The Office: Good News ‘s Nuts and Bolts

By Charles Keysor

March/April 1981

What an assembly line is to an auto manufacturer, the general office is to Good News. At first, it was located in my study in the parsonage of Grace Methodist Church. During 1967-69, my wife Marge did all the office work as a volunteer. The load of correspondence grew each month. So I bought a dictating machine and found a lady in our congregation, Diane Hagemann, who typed letters as a part-time stenographer.

By 1969 we simply couldn’t handle the work from the parsonage any more. So we moved into a three-room office in downtown Elgin. It was owned by a member of my congregation, Attorney John Juergensmeyer. We then hired our first full-time employee, Norma VanDelinder, an accomplished secretary. She too belonged to my congregation.

Fortunately, my experience in journalism before entering the pastoral ministry had included executive responsibility and I was able to call on this as we built our office procedures and systems from scratch. Lack of money and personnel meant that we had to improvise constantly, cut corners, and do without many refinements considered routine in normal of-office. We worked every available moment on nights, early mornings, and weekends to produce the magazine, record contributions, and answer the mail.

Providentially, we avoided the mistake of trying to do our own printing and art work. Instead, we found competent experts and delegated to them. This allowed us to avoid buildup of costs for staff and expensive equipment. Also, it freed us to do what we could do mist economically and efficiently.

In 1972, I accepted an invitation from Dr. Dennis Kinlaw, President of Asbury College. He asked me to join the faculty to teach Christian journalism on a part-time basis. I secured a special appointment from the Northern Illinois Annual Conference and in June 1972 we said good-bye to Elgin and moved south to the Bluegrass. On one day we purchased a house in Wilmore and also located space for the Good News office. It was larger than our old quarters in Elgin and the rent was reasonable. The only problem was that in the winter, cold winds filtered through cracks in the wall. From November to March we wore heavy sweaters and boots as we worked.

However, Wilmore provided many advantages for the office. Asbury Seminary and College are located here, and this provides a large pool of skilled secretaries and clerical workers – students and/or wives working on a degree known locally as P.H.T. – Putting Hubby Through.

By 1976 we had outgrown our office. The Board authorized a quantum leap in staff: Rev Virgil Maybray coming full-time to head our missions work plus Rev. Eddie Robb, Texas, a fulltime associate to share my burdens of editing and administration.

Where would we find more office space? One day Jean Brandenburg, a local businessman, came to see us. “I was wondering if you might need a larger office … “

He owned a nearby building which housed the offices of two dentists. They were leaving, he said, and he was looking for someone to rent the vacant space.

That is how we found our present office, 308 E. Main Street. [Good News moved to Spring, Texas in 19910]. They took out $50,000 worth of dental equipment and we moved in. Within a year we were cramped for space again. Our landlord (who is God’s particular gift!) offered to construct an auxiliary building … at no cost to us. We helped him design it, and occupied it in the fall of 1977.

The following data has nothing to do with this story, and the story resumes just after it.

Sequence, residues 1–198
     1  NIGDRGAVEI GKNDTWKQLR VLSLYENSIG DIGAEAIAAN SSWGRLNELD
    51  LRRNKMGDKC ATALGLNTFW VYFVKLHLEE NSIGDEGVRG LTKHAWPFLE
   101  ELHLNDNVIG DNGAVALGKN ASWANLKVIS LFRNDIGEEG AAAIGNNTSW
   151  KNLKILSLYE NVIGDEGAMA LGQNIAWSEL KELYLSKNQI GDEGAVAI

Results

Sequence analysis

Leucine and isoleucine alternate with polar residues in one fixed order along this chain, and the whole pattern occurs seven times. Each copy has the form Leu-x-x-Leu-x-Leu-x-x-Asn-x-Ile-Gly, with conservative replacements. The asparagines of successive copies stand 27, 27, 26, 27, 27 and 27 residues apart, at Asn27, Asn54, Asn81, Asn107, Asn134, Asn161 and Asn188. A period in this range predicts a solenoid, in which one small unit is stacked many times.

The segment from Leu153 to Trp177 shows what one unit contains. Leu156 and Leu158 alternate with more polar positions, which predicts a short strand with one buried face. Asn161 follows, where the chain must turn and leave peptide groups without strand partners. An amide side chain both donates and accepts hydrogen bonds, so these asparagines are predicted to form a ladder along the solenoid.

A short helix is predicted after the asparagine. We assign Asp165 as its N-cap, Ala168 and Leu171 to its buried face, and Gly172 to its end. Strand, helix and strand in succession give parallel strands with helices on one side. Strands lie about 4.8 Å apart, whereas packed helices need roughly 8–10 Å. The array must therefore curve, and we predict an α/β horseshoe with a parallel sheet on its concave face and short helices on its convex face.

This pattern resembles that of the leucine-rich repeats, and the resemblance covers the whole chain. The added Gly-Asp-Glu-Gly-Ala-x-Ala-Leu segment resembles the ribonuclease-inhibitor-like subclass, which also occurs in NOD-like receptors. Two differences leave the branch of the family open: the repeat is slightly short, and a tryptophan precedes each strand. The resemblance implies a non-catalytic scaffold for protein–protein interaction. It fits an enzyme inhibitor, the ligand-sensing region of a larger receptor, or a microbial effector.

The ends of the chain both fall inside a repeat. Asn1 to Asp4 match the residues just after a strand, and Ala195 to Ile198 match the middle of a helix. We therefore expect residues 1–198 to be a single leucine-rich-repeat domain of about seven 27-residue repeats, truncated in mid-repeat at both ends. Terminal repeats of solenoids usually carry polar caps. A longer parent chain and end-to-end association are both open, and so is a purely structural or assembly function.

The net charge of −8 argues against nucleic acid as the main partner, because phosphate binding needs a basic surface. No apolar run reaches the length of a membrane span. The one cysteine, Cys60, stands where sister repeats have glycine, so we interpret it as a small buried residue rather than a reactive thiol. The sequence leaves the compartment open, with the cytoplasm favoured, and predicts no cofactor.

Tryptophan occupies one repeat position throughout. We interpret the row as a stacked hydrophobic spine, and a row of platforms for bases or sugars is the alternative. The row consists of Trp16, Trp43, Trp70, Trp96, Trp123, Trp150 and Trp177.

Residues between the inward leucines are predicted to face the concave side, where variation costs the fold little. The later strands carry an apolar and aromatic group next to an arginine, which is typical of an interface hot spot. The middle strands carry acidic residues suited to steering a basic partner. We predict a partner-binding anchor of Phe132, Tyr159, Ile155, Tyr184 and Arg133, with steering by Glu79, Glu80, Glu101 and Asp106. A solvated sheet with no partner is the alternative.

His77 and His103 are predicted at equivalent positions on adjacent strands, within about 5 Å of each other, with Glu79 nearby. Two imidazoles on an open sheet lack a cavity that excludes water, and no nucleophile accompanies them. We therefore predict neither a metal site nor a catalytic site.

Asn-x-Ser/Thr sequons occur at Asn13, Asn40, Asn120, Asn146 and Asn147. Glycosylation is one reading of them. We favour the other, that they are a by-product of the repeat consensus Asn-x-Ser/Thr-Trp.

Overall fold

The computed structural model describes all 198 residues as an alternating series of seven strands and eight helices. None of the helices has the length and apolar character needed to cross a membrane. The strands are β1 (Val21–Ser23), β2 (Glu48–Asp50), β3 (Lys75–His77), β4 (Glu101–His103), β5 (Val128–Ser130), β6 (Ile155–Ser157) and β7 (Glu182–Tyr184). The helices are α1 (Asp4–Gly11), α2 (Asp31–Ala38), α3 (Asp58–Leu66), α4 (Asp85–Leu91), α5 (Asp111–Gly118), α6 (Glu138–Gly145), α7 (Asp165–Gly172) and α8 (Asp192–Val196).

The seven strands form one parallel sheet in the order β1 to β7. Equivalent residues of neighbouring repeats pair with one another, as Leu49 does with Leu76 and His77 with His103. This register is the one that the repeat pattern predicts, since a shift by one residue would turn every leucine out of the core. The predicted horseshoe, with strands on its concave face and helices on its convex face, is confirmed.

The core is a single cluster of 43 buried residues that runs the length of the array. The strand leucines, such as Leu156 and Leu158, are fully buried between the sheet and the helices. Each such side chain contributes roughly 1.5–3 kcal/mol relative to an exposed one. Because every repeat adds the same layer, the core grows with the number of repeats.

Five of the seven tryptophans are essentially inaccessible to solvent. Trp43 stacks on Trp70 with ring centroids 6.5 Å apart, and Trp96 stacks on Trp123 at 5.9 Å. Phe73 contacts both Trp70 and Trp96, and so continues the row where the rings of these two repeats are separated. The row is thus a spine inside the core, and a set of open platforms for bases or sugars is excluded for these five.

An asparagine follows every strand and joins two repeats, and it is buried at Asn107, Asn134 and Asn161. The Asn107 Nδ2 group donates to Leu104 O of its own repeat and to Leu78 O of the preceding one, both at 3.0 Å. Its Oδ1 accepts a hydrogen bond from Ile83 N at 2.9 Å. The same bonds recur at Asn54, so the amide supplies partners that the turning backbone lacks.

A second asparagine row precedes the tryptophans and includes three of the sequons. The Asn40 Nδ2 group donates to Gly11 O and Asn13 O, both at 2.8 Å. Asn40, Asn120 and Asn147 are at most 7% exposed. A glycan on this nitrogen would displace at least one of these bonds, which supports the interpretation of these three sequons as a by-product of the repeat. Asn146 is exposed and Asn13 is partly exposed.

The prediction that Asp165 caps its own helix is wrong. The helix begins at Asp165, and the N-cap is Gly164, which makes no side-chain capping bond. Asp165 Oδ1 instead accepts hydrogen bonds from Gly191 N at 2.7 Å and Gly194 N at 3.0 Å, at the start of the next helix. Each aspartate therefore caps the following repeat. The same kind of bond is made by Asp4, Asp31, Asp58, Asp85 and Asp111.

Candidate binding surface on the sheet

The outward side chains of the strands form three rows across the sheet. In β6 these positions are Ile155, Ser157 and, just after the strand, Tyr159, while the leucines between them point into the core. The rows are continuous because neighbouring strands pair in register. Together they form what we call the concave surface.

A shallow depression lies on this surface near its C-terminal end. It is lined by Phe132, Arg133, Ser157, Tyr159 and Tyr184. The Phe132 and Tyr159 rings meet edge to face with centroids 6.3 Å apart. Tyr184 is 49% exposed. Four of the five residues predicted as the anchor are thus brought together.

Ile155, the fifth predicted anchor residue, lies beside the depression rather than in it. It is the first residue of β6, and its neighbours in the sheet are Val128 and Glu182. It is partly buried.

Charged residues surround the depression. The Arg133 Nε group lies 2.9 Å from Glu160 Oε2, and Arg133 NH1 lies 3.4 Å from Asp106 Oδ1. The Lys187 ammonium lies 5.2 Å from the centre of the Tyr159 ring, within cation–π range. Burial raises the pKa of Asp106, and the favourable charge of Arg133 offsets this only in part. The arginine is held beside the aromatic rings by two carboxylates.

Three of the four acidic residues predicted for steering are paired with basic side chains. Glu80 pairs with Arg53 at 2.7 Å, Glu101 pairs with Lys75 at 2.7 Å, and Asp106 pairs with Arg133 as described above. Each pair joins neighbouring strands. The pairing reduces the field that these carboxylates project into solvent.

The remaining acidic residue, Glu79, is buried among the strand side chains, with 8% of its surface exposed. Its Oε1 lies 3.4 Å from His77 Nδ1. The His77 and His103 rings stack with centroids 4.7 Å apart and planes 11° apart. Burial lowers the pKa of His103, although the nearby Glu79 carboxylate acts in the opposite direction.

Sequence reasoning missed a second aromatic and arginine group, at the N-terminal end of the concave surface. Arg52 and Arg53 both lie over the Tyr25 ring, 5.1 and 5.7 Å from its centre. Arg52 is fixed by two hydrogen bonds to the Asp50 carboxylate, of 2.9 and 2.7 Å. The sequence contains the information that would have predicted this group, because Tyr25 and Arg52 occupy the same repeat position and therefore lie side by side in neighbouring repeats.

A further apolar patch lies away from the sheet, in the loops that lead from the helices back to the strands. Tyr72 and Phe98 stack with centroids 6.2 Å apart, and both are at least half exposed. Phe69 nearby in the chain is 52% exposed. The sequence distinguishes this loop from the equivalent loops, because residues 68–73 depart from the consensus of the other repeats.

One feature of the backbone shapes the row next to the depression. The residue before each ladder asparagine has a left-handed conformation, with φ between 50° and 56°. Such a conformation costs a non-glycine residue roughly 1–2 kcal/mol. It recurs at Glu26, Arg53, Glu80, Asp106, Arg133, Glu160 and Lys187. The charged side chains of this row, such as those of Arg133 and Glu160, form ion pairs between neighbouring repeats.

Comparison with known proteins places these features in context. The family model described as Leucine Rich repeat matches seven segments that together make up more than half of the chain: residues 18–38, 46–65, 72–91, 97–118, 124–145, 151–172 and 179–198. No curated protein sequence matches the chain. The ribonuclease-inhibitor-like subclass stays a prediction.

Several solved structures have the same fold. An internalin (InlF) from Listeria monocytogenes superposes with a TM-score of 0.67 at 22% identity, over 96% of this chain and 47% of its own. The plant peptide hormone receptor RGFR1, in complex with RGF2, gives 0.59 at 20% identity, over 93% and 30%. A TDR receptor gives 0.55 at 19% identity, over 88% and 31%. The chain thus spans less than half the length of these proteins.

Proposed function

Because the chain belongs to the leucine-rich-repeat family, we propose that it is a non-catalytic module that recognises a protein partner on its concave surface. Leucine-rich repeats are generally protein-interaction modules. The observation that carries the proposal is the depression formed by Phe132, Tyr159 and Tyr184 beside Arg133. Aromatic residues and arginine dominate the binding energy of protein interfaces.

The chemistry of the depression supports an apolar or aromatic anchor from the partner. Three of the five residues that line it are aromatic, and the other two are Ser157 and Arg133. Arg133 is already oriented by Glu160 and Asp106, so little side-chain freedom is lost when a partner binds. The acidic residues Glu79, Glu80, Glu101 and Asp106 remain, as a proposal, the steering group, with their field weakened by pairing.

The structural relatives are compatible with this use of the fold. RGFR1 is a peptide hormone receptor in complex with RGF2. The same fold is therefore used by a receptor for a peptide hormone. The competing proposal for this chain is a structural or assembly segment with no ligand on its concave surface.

Good News owns no real estate. I believe that the money contributed by Good News supporters should go into service, not real estate. Also, we need to stay flexible as an organization. So we own our office equipment, nothing more.

This says something important about Good News. We exist only because our  denomination has been unwilling and/or unable to meet the needs of its large evangelical constituency. If the day comes-and we hope it will – when our  denomination awakens to this responsibility, then Good News will be needed no longer.

It isn’t possible to mention all the people who have worked in the Good News office. Norma Van Delinder, Sylvia Culver, Ruth Wood, and Kathy Potter  ave served as my secretary-administrative assistants. I am indebted to them – as to Cynthia Wheaton, my present right arm. Eddie Robb, a former journalism  student, helped lay foundations for a wider operation, as did his successor, Bob Wood, a former Good News director.

Since 1975, Diane Knippers has served Good News in ever-widening capacities. She is Associate Editor responsible for “You Ought to Know,” one of the magazine’s most important features. Also she is Associate Executive Secretary, with special responsibilities for coordinating the activities of the various Good News task forces.

Starting in January 1979, Ann Coker, a former journalism student, became our Office Manager. She has been working on the magazine since 1977.

During her final year at Asbury College, Cindy Vetters, another of my journalism students, worked part-time for the magazine. Upon graduation in June 1980 she joined the staff full-time. She has been carrying major responsibility for the magazine but will be married soon and leaving Wilmore.

Mountains of letters and packages are sent by our shipping department every week. The present manager is Kathryn Sheffield, a United Methodist from Alabama.

For those interested in statistics, the present Good News office numbers twelve full- and seven part-time employees.

This article appeared in the March/April 1981 issue of Good News. 




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